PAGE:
Farmers are being advised to be aware of health and safety practises after an increase in the volume and levels of fines issued due to catastrophic falls-from-height on farms.

These could be significantly reduced if rigorous health and safety practices were implemented and maintained.

Daniel Gill from Clarke Willmott LLP said: “The UK’s agriculture sector is responsible for the highest workplace death and injury rate of all the main industry sectors, with a fatal injury rate 18 times higher than the All-Industry rate.

“Sadly, falls-from-height injuries or death are not rare and the consequences of failing to maintain good health and safety practices on farms can be severe, not only for the injured parties and their families, but also for the employers.

“While campaigns such as the NFU’s Farm Safety Week have done much to raise awareness of the dangers of farming, falls from height are the second biggest cause of death in agriculture and one of the most common causes of non-fatal injury.

“This is hardly surprising given the potential hazards that a typical farm worker encounters on a daily basis. Machinery, vehicles, livestock, working at height and chemicals all pose risks, risks which are compounded by the weather, fatigue and time pressures.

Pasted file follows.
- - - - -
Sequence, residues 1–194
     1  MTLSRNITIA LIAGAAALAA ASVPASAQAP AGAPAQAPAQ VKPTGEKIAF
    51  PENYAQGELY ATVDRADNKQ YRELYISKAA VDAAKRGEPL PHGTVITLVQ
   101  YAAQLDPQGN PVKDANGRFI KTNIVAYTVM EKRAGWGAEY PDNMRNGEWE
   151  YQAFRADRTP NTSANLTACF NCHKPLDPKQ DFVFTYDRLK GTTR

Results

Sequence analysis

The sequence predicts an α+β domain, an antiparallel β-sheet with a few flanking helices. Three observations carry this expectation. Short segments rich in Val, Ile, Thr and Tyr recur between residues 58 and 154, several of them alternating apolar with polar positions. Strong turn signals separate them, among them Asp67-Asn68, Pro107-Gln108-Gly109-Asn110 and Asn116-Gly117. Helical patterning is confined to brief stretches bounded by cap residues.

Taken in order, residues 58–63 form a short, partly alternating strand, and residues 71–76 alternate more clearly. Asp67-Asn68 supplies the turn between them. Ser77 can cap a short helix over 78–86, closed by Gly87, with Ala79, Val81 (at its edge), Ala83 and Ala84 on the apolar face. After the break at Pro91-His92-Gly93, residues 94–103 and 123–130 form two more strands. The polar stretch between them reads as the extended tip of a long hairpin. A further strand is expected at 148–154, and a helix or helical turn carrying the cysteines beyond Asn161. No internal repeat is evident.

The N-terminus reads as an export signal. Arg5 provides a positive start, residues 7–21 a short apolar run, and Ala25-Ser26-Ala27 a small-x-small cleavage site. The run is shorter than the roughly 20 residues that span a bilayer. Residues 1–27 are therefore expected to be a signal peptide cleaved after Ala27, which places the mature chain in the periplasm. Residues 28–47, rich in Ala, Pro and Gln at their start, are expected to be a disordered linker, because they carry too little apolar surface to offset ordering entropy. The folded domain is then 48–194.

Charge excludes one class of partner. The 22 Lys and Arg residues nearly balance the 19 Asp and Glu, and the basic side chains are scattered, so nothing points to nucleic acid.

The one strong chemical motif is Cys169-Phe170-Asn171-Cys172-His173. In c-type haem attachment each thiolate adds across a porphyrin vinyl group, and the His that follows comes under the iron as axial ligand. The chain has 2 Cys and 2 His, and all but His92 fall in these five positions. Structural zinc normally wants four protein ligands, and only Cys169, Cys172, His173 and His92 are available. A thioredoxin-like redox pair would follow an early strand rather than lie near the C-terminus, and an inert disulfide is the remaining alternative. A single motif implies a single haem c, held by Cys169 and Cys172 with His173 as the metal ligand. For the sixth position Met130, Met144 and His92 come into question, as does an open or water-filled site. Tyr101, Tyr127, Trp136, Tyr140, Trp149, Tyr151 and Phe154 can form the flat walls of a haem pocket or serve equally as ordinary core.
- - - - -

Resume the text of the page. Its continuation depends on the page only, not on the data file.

READ MORE: Open letter to the farming community from Health and Safety executive chair

“With roofs, lofts, ladders, vehicles and bale stacks all featuring on the average operating farm, working from height cannot necessarily be avoided so employers must ensure that adequate health and safety practices are adopted and followed.”

In addition to assisting those accused of health and safety breaches, Clarke Willmott also supports claimants who have suffered serious injury.

Lee Hart, who heads the firm’s serious injury team, highlights the recent case of a 21-year old farm worker who was awarded £6.6m after suffering a spinal cord injury which left him tetraplegic after falling from a ladder on his family farm in 2013.

“A claim was brought against the family partnership that runs the farm, blaming the accident on health and safety breaches, including the fact there was no scaffolding, which would have given him safe access to the top of the wall on which he was working.

“The damages are being paid by the farm’s insurer and will be used to pay for his future treatment, rehabilitation and lifelong care.”

READ MORE: Farming still has the highest rate of fatal injury